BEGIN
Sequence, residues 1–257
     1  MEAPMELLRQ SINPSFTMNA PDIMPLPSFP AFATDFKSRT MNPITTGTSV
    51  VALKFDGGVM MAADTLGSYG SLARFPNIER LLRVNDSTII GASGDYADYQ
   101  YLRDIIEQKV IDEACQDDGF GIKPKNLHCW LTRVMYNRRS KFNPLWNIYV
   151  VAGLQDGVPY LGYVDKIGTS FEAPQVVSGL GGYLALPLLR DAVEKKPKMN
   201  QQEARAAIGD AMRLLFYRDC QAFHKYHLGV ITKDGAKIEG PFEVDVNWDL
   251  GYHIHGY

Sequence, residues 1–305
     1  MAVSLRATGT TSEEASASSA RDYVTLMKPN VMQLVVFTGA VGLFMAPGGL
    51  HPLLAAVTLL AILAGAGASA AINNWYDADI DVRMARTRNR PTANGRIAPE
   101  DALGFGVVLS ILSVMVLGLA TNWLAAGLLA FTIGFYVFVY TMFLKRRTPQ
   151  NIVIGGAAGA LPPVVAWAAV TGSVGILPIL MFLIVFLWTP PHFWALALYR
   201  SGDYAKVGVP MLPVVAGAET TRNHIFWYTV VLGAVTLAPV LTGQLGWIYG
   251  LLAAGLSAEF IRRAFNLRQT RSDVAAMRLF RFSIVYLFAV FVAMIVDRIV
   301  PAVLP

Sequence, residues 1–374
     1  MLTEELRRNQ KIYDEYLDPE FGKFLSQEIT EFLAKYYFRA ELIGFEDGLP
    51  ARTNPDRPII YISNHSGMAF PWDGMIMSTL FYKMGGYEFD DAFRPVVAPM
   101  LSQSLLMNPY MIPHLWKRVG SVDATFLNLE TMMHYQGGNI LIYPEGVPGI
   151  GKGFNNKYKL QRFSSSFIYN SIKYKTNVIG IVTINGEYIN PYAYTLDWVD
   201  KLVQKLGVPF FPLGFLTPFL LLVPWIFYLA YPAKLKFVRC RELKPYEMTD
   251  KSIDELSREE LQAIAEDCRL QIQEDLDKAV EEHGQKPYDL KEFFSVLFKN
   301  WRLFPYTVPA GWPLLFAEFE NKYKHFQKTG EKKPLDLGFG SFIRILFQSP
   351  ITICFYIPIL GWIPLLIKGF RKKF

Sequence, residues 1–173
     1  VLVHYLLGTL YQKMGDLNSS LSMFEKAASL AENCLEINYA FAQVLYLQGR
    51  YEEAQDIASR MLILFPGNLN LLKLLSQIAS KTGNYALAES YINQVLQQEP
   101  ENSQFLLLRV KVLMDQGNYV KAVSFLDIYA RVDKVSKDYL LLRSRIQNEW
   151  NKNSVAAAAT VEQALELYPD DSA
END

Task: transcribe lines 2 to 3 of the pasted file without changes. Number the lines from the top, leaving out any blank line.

     1  MEAPMELLRQ SINPSFTMNA PDIMPLPSFP AFATDFKSRT MNPITTGTSV
    51  VALKFDGGVM MAADTLGSYG SLARFPNIER LLRVNDSTII GASGDYADYQ